Joining a long list of media voices, Time‘s Don Von Drehle isn’t happy with the state of the debate over Medicare.
Medicare promises more to future retirees than it is going to be able to deliver. Change is urgently needed. ObamaCare envisions change within the existing structure of the health care industry, while Republican Paul Ryan’s proposal would impose change by having elderly patients buy their own coverage, using government vouchers. Both of these represent huge departures from the status quo. If this election educates voters to make an informed choice between these options, we’ll be a stronger country for it.
But we certainly didn’t see that sort of informative campaign in the special Congressional election in New York’s 26th District last week. Instead, we saw candidates accuse each other of trying to destroy Medicare.
OK, let’s review this again, since, to borrow a phrase, setting the record straight is taking longer than I thought.
The Republican plan really does try to destroy Medicare. That’s not hyperbole. The GOP agenda takes the existing system, eliminates it, and replaces it with a privatized voucher system. They do this while taking money out of the Medicare system, clearing budget room for more tax cuts for the very wealthy. We can certainly debate the merit of such an idea, but that’s what the plan does. When Democrats in New York’s 26th said the Republican candidate endorsed a plan to end Medicare, it’s because the Republican candidate endorsed a plan to end Medicare.
Von Drehle is waiting for the moment when officials “get honest” with the public. That sounds like a good idea — let’s start by being honest about the GOP plan as crafted by Paul Ryan.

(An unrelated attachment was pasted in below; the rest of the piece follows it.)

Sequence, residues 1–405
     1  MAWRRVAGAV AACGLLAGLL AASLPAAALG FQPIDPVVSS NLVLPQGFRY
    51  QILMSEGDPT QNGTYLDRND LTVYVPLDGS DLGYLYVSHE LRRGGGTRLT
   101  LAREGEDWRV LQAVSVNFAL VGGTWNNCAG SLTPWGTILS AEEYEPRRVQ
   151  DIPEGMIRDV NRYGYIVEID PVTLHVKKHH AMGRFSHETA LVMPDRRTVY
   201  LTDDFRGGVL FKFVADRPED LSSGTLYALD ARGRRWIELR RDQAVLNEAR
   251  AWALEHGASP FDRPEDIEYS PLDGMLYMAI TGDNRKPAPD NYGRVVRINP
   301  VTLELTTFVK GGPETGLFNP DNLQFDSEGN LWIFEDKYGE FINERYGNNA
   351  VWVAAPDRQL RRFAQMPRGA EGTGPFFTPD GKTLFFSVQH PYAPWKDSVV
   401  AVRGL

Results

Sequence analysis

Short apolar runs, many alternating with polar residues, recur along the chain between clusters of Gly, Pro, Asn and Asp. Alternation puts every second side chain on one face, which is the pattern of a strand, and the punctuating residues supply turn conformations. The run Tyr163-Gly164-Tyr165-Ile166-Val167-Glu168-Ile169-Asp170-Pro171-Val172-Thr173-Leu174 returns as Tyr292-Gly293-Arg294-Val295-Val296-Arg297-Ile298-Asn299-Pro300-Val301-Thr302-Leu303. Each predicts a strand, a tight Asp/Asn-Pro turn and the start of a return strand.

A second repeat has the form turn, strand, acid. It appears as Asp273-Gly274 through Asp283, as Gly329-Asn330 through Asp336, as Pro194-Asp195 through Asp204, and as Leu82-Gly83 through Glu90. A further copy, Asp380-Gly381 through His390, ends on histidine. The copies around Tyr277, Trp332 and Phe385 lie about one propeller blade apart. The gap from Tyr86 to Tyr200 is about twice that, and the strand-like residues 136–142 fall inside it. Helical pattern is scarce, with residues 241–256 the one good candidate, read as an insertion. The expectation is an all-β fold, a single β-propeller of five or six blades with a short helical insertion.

The same Time piece argues that Medicare is going to have to change. That’s true, too, and as Jonathan Cohn explains, “[U][nder the terms of the Affordable Care Act, Medicare will change. Specifically, the government (which runs Medicare) will take corporate welfare away from some insurance companies. It will reduce payments to providers while introducing payment reforms that encourage efficiency. It will create a series of budget targets for the program — and then empower an independent commission to enforce those targets, unless super-majorities in Congress overrule it.”
Now, Von Drehle may believe more significant changes to Medicare are needed. And we can certainly debate this. As Paul Krugman recently put it, “[T]hink of Medicare as a footbridge that is deteriorating and will eventually become unsafe. You could propose structural repairs to fix its faults; Ryan doesn’t do that. Instead, he proposes knocking the bridge down and replacing it with trampolines, in the hope that pedestrians can bounce across the stream.”
Pundits are inclined to give Ryan credit for noticing the problem with this footbridge. But that’s not just overly generous, it’s also setting the bar for seriousness way too low.
In the meantime, Democrats are apparently not supposed to mention that the GOP intends to eliminate the footbridge altogether — not because Dems are wrong, but because the truth is intemperate.